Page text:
provided the magnet would work even at a distance of eight or ten miles there could be no risk in embark

apparatus, of repeating signals from one circuit into another. The explanation of this feature appears to have convinced him of the truth of Morse's remark, "If I can succeed in working a magnet ten miles, I can go round the globe."

When Vail had once satisfied himself of the

feasibility of the scheme of electric communication, his mind became fascinated with the. field of achievement which opened before him. Here was indeed the promise of a career which satisfied alike his scientific and mechanical tastes and his highest aspirations. Having an opportunity thus opened to him to acquire an



interest in the invention and to associate himself with Professor Morse in its development, he sought to interest his father in the enterprise, and to secure his sympathy and material assistance. The sanguine faith of young Vail in the future of the electric telegraph, exceeding, if possible, that of the inventor himself, was not without effect upon his father's mind. Judge Vail was a man whose ideas were in advance of his time. He had almost unconsciously acquired a marked respect for the judgment of his elder son in scientific matters, and so it came about that Alfred received permission to invite Professor Morse to Speedwell, ostensibly that the merits of the project might be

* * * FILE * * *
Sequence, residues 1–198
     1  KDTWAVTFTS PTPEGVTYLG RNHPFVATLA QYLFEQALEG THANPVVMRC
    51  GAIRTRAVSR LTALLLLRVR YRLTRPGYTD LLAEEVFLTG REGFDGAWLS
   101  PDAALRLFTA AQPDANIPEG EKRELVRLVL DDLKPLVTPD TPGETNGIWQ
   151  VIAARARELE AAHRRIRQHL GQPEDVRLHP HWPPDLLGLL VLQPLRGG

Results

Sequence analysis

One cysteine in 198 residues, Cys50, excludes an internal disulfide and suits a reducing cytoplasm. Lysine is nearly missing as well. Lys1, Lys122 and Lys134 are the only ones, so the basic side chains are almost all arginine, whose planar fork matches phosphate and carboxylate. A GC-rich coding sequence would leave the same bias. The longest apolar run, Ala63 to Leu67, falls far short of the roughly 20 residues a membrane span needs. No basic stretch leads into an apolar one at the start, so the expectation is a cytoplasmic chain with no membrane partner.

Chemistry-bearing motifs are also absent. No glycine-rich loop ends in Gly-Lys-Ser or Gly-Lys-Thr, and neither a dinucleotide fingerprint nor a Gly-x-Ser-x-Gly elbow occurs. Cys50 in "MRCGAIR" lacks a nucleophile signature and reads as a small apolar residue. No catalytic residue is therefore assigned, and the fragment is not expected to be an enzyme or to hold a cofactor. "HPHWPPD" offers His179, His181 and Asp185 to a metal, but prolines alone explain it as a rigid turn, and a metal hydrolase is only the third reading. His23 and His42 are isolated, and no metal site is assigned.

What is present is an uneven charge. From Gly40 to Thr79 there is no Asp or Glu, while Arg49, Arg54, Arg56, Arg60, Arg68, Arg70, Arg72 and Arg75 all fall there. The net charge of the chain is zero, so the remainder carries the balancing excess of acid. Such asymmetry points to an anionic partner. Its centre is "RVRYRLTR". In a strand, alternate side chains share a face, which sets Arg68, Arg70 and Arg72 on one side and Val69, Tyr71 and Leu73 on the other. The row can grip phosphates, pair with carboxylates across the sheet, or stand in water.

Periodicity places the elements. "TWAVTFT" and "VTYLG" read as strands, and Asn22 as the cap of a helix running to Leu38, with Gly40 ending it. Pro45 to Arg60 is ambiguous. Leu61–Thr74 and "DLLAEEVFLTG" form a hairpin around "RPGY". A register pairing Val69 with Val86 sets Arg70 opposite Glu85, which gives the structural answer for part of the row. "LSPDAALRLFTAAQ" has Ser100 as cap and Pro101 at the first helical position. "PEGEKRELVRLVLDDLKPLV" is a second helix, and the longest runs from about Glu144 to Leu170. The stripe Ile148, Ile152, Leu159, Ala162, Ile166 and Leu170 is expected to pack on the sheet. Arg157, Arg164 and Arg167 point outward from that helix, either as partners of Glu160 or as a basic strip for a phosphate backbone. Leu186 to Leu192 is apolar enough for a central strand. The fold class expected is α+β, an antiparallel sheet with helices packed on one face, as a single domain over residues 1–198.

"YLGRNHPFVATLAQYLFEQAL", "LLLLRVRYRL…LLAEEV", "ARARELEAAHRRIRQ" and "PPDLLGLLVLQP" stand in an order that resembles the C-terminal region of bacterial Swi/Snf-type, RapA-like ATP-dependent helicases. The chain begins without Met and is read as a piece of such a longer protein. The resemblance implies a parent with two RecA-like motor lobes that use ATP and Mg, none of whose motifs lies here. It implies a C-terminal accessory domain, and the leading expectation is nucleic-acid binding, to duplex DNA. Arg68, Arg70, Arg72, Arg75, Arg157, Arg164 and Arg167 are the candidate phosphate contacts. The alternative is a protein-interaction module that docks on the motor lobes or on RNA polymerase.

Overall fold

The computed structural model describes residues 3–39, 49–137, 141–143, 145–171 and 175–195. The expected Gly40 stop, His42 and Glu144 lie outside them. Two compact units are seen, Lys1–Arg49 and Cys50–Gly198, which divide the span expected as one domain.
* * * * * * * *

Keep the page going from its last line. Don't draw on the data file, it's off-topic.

[blocks in formation]

before deciding to embark in such a novel and unprecedented enterprise. Having accepted the invitation, Morse was introduced by Alfred to his father and brother, who, as copartners, were carrying on the Speedwell works.

Judge Vail's business experience had been such as to dispose him towards the favorable consideration of an invention of this character. The annals of the Speedwell Iron Works had already become a part of the history of intercommunication in the United States. Here was forged the shaft of the Savannah, the first steamship which crossed the Atlantic. Here were manufactured the tires, axles, and cranks of the first American locomotives, and Judge Vail himself had invested no small share of the profits of his business in these and similar enterprises. It may be presumed that, with his characteristic shrewdness, he did not overlook the substantial benefits which would be likely to accrue from the ownership of a share in the telegraph patents, should the enterprise ultimately prove successful. At all events, he did not lend an unwilling ear to the solicitations of his son and of the inventor. It was estimated that two thousand dollars would be required to secure patents and to construct apparatus by means of which a